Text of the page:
Giving Up Your Ducks? Wait Just a Second!
Common reasons why people give up their ducks
1. Too much work. The mess from food and poop is more than the average pet owner is prepared for.
Get ready for your new pet
If you are new to duck ownership, don't expect it to be easy like the pet stores tell you. Only people with experience in duck ownership know and understand how to overcome the difficulties asscociated with having a duck. Being prepared for your duck with the proper shelter, food, and water sources will save you some headaches. Being flexible and willing to adapt or modify your plans is the best advice anyone can give on how to survive the first months.
2. City ordinances. Many people do not bother to confirm that their city allows ducks before they bring one home. People become attached only to find out they have to give their pet away. This is a preventable tragedy.
Just because a pet store sells you a duck
doesn't automatically mean
it's legal to possess one
where you live
Don't give up so easily!
A woman who lives in a city apartment nearby fought city hall to keep her pot bellied pig and won. She proved that her pig was as well behaved and as smart as any dog. She made the point that her pig was a family pet, not a farm animal she was raising for food.
She loved her pet enough to fight to keep it, when it would have been alot easier to give up. Her efforts paved the way for others to have them as pets in the future. So don't take "no" as the only answer if you are told to give up your ducks, if you want it badly enough, sometimes you can change the rules.
3. Neighbor complaints. Quacking at early hours, the smell, the duck escaping into their yard name a few common complaints.
Once you are ordered to give up your ducks because of a complaint, swaying authorites to your side is highly unlikely. Most duck-related complaints are preventable, however.
Take action before problems arise
Greg and I took a proactive approach and visited every one of our surrounding neighbors soon after we moved into our new neighborhood. We introduced ourselves, gave them our phone numbers and asked them to let us know immediately about ANY concerns regarding our pets.
This tells them we are responsible pet owners. It also helps them feel more comfortable calling us rather than going straight to the authorities with a complaint. We follow up with "face time" periodically to say hello and make sure there are no new problems.
4. Relocating. Moving away often results in leaving the duck behind.
Educating people about the responsibilities of owning a duck is not an easy task, especially with so many pet stores telling people "if the duck doesn't work out you can just let it go". Anyone who has read my website knows this is not true. Your pet duck requires the same level of responsible care as any dog or cat. Letting your duck "go free" is as cruel and irresponsible as letting a domesticated dog loose to fend for itself. Even wild breeds who have been in the care of humans are at a much higher risk of injury, illness or death when abandoned.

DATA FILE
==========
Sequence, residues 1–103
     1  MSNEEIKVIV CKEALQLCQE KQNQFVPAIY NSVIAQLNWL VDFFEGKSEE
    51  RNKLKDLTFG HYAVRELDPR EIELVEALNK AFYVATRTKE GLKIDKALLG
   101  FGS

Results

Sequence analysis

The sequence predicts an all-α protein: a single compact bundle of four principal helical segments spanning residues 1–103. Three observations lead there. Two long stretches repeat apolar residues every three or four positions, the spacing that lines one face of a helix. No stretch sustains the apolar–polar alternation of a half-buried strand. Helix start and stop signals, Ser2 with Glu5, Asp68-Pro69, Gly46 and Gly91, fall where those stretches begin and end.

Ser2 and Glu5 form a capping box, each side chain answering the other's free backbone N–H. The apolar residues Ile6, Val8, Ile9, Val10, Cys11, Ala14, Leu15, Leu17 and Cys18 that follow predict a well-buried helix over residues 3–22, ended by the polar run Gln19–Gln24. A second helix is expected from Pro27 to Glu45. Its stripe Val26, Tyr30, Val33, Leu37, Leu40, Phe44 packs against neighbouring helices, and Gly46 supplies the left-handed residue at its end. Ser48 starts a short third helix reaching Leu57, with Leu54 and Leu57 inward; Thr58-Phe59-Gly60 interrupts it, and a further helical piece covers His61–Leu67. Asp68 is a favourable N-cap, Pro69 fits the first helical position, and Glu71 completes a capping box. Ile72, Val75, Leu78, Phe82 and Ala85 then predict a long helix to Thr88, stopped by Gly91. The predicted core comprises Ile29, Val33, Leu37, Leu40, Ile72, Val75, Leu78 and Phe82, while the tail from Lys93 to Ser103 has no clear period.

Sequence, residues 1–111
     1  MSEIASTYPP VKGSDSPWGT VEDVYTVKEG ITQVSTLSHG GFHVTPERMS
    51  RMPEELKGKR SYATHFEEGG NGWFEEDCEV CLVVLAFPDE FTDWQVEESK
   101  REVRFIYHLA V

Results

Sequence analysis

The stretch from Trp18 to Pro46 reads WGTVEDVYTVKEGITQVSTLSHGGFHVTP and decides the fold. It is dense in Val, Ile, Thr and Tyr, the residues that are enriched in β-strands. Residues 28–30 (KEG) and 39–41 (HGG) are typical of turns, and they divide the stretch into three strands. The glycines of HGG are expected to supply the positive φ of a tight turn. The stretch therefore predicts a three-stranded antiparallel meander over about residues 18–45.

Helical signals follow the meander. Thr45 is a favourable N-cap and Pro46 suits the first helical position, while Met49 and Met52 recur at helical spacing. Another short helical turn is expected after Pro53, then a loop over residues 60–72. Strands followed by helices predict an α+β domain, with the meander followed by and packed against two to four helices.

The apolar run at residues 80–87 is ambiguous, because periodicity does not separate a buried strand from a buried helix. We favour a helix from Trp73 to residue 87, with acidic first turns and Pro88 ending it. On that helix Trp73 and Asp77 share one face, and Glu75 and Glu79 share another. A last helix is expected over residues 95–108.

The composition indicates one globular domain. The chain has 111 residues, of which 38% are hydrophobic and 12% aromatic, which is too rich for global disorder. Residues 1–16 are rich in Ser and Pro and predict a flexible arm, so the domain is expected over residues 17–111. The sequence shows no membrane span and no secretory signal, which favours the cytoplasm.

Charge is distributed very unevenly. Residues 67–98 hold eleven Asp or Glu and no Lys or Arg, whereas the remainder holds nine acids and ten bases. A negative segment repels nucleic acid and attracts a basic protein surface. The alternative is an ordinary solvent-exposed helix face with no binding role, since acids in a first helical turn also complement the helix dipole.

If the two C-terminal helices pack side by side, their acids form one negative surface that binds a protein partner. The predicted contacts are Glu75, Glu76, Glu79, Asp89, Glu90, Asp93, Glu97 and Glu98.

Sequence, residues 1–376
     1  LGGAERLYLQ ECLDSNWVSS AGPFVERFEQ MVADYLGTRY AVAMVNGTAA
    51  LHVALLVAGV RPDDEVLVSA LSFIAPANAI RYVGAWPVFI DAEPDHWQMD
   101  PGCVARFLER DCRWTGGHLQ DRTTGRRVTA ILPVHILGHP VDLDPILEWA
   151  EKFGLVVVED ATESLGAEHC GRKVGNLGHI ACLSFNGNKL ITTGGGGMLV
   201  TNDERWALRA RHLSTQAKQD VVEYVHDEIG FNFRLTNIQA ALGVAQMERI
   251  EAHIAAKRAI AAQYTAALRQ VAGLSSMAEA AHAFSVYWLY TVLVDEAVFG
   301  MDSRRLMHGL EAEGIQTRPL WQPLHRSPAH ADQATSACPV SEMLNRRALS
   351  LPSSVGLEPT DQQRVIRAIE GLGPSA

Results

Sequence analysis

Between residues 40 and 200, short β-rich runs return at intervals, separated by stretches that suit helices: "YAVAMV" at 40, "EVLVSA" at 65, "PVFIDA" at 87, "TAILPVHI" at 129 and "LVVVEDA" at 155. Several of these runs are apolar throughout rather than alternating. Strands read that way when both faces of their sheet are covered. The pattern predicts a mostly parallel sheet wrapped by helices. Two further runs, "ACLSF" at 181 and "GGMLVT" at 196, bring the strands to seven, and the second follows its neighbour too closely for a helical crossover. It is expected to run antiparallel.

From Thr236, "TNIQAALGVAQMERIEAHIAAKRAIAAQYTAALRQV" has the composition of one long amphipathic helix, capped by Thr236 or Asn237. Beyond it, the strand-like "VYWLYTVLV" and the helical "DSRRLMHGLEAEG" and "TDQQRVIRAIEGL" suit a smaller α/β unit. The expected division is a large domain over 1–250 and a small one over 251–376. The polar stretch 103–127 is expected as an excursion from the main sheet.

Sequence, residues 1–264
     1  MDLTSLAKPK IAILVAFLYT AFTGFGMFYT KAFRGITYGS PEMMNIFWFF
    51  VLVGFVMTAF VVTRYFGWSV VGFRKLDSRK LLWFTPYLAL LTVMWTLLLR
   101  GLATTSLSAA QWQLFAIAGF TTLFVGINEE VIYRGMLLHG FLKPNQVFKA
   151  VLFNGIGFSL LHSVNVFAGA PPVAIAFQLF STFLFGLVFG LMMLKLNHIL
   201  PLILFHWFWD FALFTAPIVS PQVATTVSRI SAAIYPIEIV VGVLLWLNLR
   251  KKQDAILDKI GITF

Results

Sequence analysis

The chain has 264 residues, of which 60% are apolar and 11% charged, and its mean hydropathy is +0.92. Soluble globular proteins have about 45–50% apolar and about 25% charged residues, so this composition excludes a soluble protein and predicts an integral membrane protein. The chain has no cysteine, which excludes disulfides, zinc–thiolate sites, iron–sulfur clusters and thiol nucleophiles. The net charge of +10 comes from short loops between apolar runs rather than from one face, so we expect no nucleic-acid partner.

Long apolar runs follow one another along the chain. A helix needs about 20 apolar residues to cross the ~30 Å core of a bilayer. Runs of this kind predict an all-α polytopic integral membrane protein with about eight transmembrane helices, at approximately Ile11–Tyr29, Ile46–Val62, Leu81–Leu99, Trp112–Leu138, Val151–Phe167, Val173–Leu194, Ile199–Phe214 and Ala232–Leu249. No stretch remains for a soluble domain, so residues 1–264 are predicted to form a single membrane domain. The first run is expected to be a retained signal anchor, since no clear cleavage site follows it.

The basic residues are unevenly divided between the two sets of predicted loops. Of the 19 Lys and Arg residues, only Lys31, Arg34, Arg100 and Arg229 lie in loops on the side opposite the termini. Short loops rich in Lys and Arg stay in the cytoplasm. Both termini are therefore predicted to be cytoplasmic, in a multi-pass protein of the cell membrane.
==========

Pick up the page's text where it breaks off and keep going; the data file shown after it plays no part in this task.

When your family is relocating for any reason, the same considerations should be made for your ducks as for any other pet. If you simply cannot relocate the duck too, make the effort to find a loving, permanent home for your pet.
Never abandon any duck who has been in the care of humans.
There are agencies that can help. Rehabbers, no-kill farms, adoption centers and wildlife rescue agencies can either provide a solution or help you find alternatives to dumping the duck.
Don't introduce a duck into your family's home if you travel alot, have the potential to move around, are planning on going away to college or are away from home for long periods of time. A duck is not a good pet for people who don't have time or financial means to care for a high maintenance pet.
Many problems are caused by ignoring the facts or being told the wrong information. Before you bring a duck home, do your homework first. Just like a puppy or kitten, ducks need extra work. Domestic ducks are not capable of taking care of themselves, even when they are full grown.
Dogs and cats are hard enough to place in new homes. It is much harder to find homes for unwanted ducks. Shelters are a last resort, and none that I know of will even attempt to find new homes for abandoned ducks. If you bring your duck to a shelter, expect it to be euthanized (killed) within a few days.
I was at our local shelter and heard quacking. They wouldn't allow me to see the ducks and said they were being quarantined until they could be put down. They explained that they did not have the resources to test them to rule out dangerous diseases that can be transferred to humans. Placement in homes was out of the question.
Prevention is the key
Spend quality time with your ducks so they don't loudly demand your attention.
Feed them on a schedule, once in the morning and again at night if early morning quacking is an issue.
Clean up their feces every day and remove unhatched eggs before they rot and begin to stink.
Remove uneaten food every day to avoid attracting bugs, vermin and other animals.
Talk to your neighbors periodically and encourage them to tell you if anything about your ducks bothers them.
Invite them over to meet your ducks - and get to know you.
If problems do arise, don't be defensive, stay calm, be reasonable and find solutions quickly.
Don't get a duck if you move around, travel frequently, have little free time or no money to care for a pet that could require expensive medical treatment.